Following the recent launch of its Tidal Networks business, the Central Council of the Tlingit and Haida Tribes of Alaska plan to pilot fixed wireless internet service in the city of Wrangell, located on an island in the southeastern tip of the state.
Chris Cropley, network architect for the Central Council of the Tlingit and Haida Tribes of Alaska. (Courtesy photo)
The tribe has partnered with coreNOC Inc., an Owasso, Okla.-based Native-owned tech company, to develop a 4G wireless solution targeting 100 megabit download and 20 megabit upload speeds for some 10,000 people in the greater Wrangell area.
“We’re in line for some hardware, we have a bunch of gear ordered and we’re hoping that shows up in the next 20 or so weeks,” Chris Cropley, a network architect for the tribe, told Tribal Business News. “That’s what’s driving our timeline right now.”
The rollout will use a fiber connection point in Wrangell to distribute a wireless signal across the “last mile,” reaching residents for whom hard-wired connections aren’t financially or geographically viable.
Cropley said the tribe began investigating the solution after securing 2.5 GHz broadband spectrum during a Federal Communications Commission licensing event in 2020 that gave federally recognized tribes access to the unused spectrum for free. Using that spectrum to reach homes, rather than building a fiber solution, could be fully funded using $15 million from the Central Council of Tlingit and Haida Tribes of Alaska’s American Rescue Plan Act allocation.
“With our current budget, and leveraging the spectrum, we found that leveraging the fixed wireless is the best way to get the most internet to the most people for the least amount of money in the least amount of time,” Cropley said.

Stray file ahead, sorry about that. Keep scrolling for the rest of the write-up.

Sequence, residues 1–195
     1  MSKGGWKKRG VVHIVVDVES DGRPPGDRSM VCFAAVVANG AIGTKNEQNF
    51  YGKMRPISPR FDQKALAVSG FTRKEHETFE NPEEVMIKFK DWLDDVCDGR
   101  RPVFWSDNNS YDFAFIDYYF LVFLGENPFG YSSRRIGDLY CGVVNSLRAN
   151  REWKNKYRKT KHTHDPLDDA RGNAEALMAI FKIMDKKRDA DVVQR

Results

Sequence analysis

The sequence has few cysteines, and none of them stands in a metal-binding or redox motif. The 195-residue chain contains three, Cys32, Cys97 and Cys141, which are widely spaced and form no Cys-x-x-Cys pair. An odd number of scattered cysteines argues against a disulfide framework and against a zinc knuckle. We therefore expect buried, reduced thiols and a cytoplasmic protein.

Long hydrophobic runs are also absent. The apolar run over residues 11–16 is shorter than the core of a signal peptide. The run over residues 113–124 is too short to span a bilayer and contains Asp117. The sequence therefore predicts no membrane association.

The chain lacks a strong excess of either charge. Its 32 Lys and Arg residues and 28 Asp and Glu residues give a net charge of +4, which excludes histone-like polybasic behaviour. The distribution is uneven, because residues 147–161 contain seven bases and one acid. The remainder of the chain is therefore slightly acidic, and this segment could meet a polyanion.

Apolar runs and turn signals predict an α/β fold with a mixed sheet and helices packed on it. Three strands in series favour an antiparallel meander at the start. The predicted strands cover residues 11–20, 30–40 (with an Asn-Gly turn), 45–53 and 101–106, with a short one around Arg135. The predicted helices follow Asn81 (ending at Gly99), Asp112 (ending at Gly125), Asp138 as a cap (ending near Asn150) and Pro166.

CoreNOC CEO and co-founder Johnie Johnson, a citizen of the Cherokee Nation, told Tribal Business News that the Wrangell buildout was a trial for developing internet services for other communities in the area.
“We’re looking at the late third quarter to roll this technology out for the trial, and then based on a successful trial, there will be a roll-out to other communities,” Johnson said. “Once (the Tlingit and Haida) feel comfortable with the trial in Wrangell, we will expand.”
Cropley said an eventual expansion of Tidal Network could target as many as 20 communities that face similar “middle mile” challenges. That expansion is pending word on $50 million in funding the tribe requested through the National Telecommunications and Information Administration’s Tribal Broadband Connectivity program.
Notably, the program received more than $5 billion in requests for an initial $980 million in funding, as Tribal Business News previously reported. While the program has received another $2 billion allocation in the 2021’s Infrastructure Investment and Jobs Act, NTIA has not yet announced how much would be available in a second funding opportunity, or how much will be added to the initial pot.
“We’re just waiting to hear back on that,” Cropley said. “That program is pretty oversubscribed, though, so we expect there’s going to be a delay before we hear anything.”